Tom Quinn, director of the Molecular Interactions Core, and others demonstrate equipment for its Jan. 24 open house. | Photo by Katelyn Brown, Bond LSC

By Katelyn Brown | Bond LSC

For researchers, the shape of molecules gives insight into how cells, viruses and other macromolecular interactions take place.

Getting a clear view of that structure is the hard part, and the new Molecular Interactions Core (MIC) at the Bond Life Sciences Center will now give researchers from many different disciplines one place where state-of-the-art equipment are available for them to use to further science.

Dr. Kamal Singh is excited that goal is being realized.

One of the 10 MU’s core facilities that serve scientists’ needs, the MIC specifically provides training, advising and shared equipment for researchers to take a closer look at molecules.

That’s where Dr. Singh comes in.

He serves as the Assistant Director of the MIC and oversees the day-to-day operations of the facility. Dr. Singh makes sure the machines are operational, communicates with researchers interested in using the facility, trains those who do not yet know how to use the equipment and gives guidance as well as collaborative feedback on things like computer-assisted drug design — his specialty.

The humming of machines is the first thing noticed when walking into the MIC. These instruments allow you to look at 3-dimensional models of the molecules like HIV enzymes or view protein crystals under a microscope before diffracting light through them. It’s a lab where miniscule pieces of life become big and important.

Dr. Mark McIntosh, the vice chancellor of research for all UM system campuses, had the idea to create the MIC.

“It was Dr. McIntosh’s vision to bring everything together; which includes structural biology, molecular interactions, particle size, zeta potential, mass of the nanoparticles, etc. He also wanted to bring peptide synthesis here to have everything at one central location,” Dr. Singh said.

Understanding structure at the molecular level helps scientists figure out how reactions happen, how molecules fit together and serve as signals and how pathogens can invade cells, among other possibilities.

“I’m hoping that we can really facilitate structural and molecular research on campus — structural determination and molecular interactions — and really push boundaries of the current state of the field,” said Dr. Tom Quinn, the Director of the MIC.

Dr. Quinn hopes the state-of-the-art equipment will allow the MIC to be a resource for both research faculty and students to be on the cutting edge in their fields.

Dr. Ritcha Mehra-Chaudhary and Dr. Fabio Gallazzi work within the MIC and provide their expertise. Dr. Mehra-Chaudhary works with X-ray crystallography, dynamic light scattering and custom protein expression, while Dr. Gallazzi is an expert in custom peptide synthesis. Their work can be important for understanding drug design to combat viruses and cancers.

The MIC started with one machine, an X-Ray Diffractometer, in room 442 of the  BLSC. It took six months to collect the different machines from different departments in the campus, but in December the MIC became fully operational. The MIC team celebrated with an open house on Jan. 24, 2018.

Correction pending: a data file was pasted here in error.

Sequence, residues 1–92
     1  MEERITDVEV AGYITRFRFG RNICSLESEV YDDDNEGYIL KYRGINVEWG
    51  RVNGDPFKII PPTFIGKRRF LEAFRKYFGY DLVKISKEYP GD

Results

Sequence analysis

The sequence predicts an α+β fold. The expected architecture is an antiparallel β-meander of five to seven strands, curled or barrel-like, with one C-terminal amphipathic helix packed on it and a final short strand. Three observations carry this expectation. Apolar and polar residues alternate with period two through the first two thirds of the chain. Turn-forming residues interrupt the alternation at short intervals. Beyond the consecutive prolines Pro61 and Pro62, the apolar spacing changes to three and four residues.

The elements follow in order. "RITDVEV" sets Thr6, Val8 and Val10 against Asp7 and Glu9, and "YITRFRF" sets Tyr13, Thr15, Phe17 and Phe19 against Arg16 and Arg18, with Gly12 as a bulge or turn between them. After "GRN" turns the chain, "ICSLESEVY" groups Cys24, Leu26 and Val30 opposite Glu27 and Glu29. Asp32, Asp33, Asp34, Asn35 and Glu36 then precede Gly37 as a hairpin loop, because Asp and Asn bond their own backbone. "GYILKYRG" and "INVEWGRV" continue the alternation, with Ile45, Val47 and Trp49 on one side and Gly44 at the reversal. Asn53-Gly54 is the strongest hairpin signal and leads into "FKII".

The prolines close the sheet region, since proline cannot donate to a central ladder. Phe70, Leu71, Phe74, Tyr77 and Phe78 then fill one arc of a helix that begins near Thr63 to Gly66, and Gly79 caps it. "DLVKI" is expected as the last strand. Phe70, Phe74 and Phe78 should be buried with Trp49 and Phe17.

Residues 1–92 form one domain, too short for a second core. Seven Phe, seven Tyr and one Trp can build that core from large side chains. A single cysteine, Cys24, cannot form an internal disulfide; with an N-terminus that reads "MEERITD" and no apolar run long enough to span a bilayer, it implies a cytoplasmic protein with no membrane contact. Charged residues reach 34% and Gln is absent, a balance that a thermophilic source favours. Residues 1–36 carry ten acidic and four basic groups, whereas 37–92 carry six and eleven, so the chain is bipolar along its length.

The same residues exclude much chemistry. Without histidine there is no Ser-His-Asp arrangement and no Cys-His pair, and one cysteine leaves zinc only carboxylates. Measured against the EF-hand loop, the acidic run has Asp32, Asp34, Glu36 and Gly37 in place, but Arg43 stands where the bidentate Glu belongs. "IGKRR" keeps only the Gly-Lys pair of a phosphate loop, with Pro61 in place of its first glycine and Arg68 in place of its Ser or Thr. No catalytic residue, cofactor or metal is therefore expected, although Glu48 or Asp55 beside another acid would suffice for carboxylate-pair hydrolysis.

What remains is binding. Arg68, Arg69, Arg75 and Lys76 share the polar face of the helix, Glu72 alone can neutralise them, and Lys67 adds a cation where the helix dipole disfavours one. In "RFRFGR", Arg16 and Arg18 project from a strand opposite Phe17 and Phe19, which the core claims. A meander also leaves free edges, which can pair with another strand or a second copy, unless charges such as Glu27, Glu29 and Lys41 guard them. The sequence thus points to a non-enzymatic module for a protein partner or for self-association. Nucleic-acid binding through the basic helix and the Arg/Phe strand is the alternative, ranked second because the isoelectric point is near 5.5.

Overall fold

“It’s kind of crowded, but it’s good,” Dr. Singh said. “We have invited everyone, mainly researchers, but also undergrads. The entire university is welcome to come see what we have. The idea is the advancement of science in our school.”

The MIC won’t only be beneficial for campus researchers, but also researchers from all over and undergrad students who are eager to learn the details of molecular interactions and learn how to use core facilities.

There are many exciting and new technologies in the MIC that will interest outside researchers, according to Dr. Quinn. One of these is the nanodisc technology that Dr. Mehra-Chaudhary works with. This technology allows researchers to study membrane proteins outside of something bigger, like a cell, while also keeping them in a functional and native structural state. The nanodisc project is part of collaboration between the MIC and the Electron Microscopy Core to allow researchers to get high resolution structures of membrane proteins.

While affordable, outside and campus researchers must also pay a price to use the facilities to cover consumables, instrumentation maintenance and staff.

“We definitely want to at least break even. I don’t know how long it will take to get there. However, the major goal is to support the scientists on campus and facilitate their research,” Dr. Singh said.

Bringing this support to campus also means supporting future scientists. Dr. Singh has three undergraduate students working with him who are learning how to use the advanced technology, and he helps to train many more from all different departments.

The goal is to one day expand the MIC to a point where all molecular interactions facilities can be at one place.

“There are certain techniques we don’t have, and I hope that in the future we will get them. We hope to provide all modern techniques to the university community in coming years. Not only linked to that room, we want to expand it,” Dr. Singh said.

Dr. Quinn agrees, and he hopes that as researchers come and use the core. In the process the core can understand future needs and where the research is moving to see what new technology under their umbrella could be added to keep supporting the scientists.

The MIC is a big step for the MU research community, and staff is hopeful that it will continue to grow and produce life-altering research.